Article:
Staging is the process of determining the extent (spread) of the disease. Staging is very important because your treatment and the prognosis (chance of recovery) depend on the stage of your cancer. Physical exams, imaging tests (such as a CT scan), biopsies, and blood tests are used to determine stage.

Mycosis fungoides and Sezary syndrome are staged differently than the rest of the cutaneous lymphomas. They are grouped into overall stages of I, II, III, and IV, which may be further subdivided into A and B.

Stage I.

Thin patches or plaques on the skin. There are no tumors and no involvement of the lymph nodes.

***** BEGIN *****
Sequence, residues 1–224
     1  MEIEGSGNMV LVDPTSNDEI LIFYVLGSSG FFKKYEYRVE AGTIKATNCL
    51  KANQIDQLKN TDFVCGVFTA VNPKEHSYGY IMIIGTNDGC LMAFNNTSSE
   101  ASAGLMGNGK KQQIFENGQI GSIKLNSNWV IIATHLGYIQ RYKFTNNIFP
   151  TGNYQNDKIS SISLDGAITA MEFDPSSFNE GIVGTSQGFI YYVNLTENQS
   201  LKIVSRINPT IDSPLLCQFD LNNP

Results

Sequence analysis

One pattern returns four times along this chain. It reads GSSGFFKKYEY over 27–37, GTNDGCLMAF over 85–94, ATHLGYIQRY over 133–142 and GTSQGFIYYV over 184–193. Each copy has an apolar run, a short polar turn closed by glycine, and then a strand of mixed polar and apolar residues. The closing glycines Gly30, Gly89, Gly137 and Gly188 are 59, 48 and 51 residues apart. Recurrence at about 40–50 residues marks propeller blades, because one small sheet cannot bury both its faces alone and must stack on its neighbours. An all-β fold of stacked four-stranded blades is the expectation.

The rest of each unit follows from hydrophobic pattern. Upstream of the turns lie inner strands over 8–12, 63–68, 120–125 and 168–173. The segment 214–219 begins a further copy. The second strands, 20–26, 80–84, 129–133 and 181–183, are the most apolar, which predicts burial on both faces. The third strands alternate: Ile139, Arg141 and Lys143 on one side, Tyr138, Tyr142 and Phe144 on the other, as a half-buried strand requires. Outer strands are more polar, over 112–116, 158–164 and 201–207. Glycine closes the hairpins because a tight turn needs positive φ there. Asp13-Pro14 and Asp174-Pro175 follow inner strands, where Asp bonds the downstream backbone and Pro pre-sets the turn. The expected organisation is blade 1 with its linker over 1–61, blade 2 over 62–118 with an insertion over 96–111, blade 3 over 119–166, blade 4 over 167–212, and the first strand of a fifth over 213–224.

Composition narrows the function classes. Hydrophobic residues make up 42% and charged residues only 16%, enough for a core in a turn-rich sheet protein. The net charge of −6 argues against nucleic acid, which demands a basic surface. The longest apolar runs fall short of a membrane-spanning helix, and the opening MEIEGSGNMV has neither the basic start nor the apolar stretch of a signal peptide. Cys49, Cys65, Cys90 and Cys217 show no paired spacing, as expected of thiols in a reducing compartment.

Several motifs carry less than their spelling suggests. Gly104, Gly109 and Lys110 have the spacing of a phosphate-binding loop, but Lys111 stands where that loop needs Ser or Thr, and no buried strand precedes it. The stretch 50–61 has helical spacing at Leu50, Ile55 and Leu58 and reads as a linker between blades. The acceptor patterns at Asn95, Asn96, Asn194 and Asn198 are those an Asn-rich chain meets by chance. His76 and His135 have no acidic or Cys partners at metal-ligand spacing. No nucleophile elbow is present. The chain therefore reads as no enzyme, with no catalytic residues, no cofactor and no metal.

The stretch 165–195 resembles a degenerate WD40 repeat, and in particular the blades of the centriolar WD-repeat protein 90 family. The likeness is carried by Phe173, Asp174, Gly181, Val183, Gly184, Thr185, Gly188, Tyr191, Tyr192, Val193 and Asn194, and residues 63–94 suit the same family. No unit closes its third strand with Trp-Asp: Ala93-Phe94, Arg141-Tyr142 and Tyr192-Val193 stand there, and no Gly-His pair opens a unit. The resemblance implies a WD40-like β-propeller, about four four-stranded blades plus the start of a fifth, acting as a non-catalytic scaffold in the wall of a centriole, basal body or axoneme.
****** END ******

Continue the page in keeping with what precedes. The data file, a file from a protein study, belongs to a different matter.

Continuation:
Stage II.

There are few or no tumors. Lymph nodes may be normal or enlarged but are not cancerous.

Stage III.

Skin lesions cover at least 80 percent of the body; lymph nodes may be normal or enlarged but are not cancerous.

Stage IV.

Skin lesions may cover any amount of skin; lymph nodes may be normal or enlarged and may be cancerous; lymphoma cells may or may not have spread to other organs or tissues, such as the liver or spleen; there may be cancerous lymphocytes in the blood.

A TNM staging system, which is quite complex, is used for the other cutaneous lymphomas, including primary cutaneous follicle-center lymphoma.

  • T describes how much of the skin is affected by the lymphoma (tumor)
  • N describes the extent of the lymphoma in the lymph nodes
  • M describes the spread (metastases) of the lymphoma to other organs